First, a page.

World's Biggest Wind-Turbine Maker Falls as Trump Drops Paris

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  • Vestas is worst performing stock in benchmark Danish index
  • Company says exiting Paris makes little economic sense for US

What the U.S. Departure Means for the Paris Agreement

Vestas Wind Systems A/S, the world’s biggest maker of wind turbines, dropped to its lowest in more than 1 1/2 months after U.S. President Donald Trump’s decision to exit the Paris climate accord threw into doubt the future of renewable energy.

Vestas fell as much as 3 percent, and traded 2.3 percent lower at 571.50 kroner as of 12:53 p.m. in Copenhagen. It was the worst performing stock on the Copenhagen benchmark index of Denmark’s most traded companies, and was among the biggest losers in the Stoxx Europe 600 index, which was up about 0.7 percent overall.

Read more: Trump to exit climate pact as allies deride decision

Trump said late on Thursday he would pull the world’s biggest economy out of the Paris climate pact, arguing it puts American workers at a disadvantage. His announcement instantly drew severe criticism from leaders across the globe, with Nordic politicians, in particular, condemning the move. In Denmark, where Vestas is based, Energy Minister Lars Chr. Lilleholt says he’s planning a trip to the U.S. in the fall in an effort to promote renewable energy at the state level, “regardless” what Washington D.C. decides.

“Of course it would be better if the U.S. were to stay in the Paris Agreement,” Morten Dyrholm, Vestas senior VP marketing, communications and public affairs, said in an emailed comment to Bloomberg.

Vestas derives about 40 percent of its revenue from the Americas. Shares in the company plunged after it was clear that Trump, who has lashed out against wind turbine technology in the past, was the winner of the U.S. election in November. Vestas said a withdrawal from the climate pact makes little economic sense.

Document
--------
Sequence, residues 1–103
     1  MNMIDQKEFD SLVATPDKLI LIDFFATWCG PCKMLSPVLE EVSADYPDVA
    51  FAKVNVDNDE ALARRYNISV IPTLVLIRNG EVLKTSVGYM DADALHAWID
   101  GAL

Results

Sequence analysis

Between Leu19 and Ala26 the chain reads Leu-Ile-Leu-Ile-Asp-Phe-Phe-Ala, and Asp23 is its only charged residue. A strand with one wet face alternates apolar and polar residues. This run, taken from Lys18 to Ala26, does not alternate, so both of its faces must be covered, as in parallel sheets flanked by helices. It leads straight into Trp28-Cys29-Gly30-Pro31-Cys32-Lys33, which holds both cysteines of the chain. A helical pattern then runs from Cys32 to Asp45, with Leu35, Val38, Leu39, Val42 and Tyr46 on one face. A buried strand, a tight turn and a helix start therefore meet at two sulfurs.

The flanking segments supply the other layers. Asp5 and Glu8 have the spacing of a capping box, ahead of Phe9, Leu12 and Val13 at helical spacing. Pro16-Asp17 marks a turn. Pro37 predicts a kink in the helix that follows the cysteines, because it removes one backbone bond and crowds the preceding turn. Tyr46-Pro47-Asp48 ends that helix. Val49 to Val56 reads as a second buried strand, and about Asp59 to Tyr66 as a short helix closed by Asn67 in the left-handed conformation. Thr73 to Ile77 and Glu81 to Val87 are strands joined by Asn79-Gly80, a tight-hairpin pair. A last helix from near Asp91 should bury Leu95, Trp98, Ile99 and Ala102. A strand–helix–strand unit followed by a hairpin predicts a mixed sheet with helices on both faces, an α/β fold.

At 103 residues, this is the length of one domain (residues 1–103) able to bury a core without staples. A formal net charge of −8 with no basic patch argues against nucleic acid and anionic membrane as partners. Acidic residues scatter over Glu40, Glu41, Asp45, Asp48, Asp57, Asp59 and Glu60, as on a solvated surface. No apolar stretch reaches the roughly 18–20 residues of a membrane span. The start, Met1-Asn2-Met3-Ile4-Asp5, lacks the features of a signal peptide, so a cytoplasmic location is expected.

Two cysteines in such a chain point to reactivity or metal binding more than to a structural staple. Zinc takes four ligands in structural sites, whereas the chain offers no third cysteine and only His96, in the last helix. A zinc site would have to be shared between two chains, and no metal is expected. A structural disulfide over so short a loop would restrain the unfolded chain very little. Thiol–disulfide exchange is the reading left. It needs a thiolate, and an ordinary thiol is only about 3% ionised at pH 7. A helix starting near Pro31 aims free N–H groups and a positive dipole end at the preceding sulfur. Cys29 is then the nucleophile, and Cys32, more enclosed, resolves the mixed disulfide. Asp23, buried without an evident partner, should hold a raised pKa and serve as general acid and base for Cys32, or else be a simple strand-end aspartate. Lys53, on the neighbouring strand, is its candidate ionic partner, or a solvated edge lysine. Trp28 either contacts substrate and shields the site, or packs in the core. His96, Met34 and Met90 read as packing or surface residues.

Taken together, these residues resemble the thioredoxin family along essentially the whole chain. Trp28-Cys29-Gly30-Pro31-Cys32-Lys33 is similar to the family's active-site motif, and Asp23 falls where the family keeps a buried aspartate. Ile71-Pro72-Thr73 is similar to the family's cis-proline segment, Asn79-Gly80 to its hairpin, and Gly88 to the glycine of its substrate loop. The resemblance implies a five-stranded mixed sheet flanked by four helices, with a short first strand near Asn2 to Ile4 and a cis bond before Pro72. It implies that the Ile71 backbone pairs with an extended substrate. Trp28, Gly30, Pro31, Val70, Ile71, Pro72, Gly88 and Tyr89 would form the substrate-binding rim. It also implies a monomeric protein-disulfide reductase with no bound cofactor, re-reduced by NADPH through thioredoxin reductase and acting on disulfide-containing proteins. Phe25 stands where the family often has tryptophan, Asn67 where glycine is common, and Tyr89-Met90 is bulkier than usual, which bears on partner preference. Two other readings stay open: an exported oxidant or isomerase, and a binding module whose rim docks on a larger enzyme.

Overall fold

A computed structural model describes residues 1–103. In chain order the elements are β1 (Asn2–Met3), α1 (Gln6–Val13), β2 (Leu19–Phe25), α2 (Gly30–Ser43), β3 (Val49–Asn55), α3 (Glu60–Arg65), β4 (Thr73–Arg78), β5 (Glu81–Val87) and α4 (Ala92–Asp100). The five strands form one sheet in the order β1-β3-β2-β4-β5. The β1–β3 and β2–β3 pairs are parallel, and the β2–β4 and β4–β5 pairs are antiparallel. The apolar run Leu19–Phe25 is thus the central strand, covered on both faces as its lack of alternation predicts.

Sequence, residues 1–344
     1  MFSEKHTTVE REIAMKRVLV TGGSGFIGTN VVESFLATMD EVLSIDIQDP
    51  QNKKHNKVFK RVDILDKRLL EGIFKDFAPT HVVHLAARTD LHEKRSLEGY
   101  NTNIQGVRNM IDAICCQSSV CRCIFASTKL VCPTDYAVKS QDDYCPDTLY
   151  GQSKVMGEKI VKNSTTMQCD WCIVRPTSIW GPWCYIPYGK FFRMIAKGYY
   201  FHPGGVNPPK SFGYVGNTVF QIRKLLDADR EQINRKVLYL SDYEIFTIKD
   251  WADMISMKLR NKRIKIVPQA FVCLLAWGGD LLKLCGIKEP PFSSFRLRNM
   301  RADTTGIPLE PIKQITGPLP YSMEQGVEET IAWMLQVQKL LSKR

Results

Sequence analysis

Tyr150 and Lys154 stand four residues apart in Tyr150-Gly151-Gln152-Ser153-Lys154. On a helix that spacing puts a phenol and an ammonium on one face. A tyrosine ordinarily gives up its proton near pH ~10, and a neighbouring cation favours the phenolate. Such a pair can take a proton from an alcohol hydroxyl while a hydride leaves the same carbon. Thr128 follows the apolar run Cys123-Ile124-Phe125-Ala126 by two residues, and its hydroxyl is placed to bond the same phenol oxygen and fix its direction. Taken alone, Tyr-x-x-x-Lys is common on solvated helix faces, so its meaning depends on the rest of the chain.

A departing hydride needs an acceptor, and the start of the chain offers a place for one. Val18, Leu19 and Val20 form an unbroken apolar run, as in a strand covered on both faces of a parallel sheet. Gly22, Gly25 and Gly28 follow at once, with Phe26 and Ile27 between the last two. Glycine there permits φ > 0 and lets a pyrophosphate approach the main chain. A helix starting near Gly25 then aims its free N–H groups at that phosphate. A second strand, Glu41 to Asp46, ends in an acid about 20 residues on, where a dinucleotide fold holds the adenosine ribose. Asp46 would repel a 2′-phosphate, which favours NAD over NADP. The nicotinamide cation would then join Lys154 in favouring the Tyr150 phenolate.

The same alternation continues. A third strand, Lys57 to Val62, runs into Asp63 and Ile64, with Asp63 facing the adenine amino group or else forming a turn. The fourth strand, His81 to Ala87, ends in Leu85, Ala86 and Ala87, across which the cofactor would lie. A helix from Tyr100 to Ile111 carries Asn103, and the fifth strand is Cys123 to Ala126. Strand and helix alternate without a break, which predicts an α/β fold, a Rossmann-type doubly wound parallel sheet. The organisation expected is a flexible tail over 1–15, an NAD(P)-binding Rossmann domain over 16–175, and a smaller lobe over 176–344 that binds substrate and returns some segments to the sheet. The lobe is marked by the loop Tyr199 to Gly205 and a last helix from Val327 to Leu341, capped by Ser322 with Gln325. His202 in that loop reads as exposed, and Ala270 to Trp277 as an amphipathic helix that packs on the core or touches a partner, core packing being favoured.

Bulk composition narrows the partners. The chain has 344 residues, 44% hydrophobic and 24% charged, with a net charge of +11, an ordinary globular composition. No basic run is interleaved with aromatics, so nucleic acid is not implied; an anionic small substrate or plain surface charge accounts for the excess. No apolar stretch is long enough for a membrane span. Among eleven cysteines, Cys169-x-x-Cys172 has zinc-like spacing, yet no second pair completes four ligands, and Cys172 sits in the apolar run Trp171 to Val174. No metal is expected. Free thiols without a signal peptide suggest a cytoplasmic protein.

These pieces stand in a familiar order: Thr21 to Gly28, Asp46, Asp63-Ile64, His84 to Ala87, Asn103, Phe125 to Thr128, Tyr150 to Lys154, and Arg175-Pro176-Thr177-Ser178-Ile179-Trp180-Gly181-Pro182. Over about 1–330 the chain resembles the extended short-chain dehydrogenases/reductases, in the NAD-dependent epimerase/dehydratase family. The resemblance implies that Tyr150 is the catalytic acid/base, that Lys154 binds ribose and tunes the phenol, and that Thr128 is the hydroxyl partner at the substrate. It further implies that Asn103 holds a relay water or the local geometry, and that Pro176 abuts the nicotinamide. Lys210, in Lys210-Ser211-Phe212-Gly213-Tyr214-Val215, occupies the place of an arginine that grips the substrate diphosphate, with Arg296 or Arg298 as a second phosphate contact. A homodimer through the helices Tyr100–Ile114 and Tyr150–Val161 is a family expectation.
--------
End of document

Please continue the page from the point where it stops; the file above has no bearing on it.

“The U.S. wind industry has broad bipartisan support because it is cost-effective and provides strong returns for investors,” Dyrholm said. Wind is “the lowest-cost energy source in many parts of the country; it’s compatible with farming, ranching, and hunting; it uses no water; it supports more than 100,000 jobs in 50 states, and it brings billions of dollars in economic development to the communities that host the projects.”

Vestas’s share-price decline provides an “excellent buying opportunity,” Kepler Cheuvreux analyst Douglas Lindahl said in an email. He said the same applies to shares of Gamesa Corp Tecnologica SA, a Spanish rival, which traded about 1 percent lower.

“More than 190 nations have signed the Paris agreement and the U.S. now joins a very small club of outsiders not part of the accord,” Lindahl said.

Read more: Blankfein tweets, Iger quits as executives react to Trump

Trump, who famously called climate change a “hoax” cooked up by the Chinese, campaigned on a pledge to support coal instead of renewable energy. In his speech on Thursday, he said he wants to “start to negotiate and we will see if we can make a deal.”

Withdrawal from the pact puts the U.S. in league with just two other nations -- Syria and Nicaragua -- that are not participating in the agreement.

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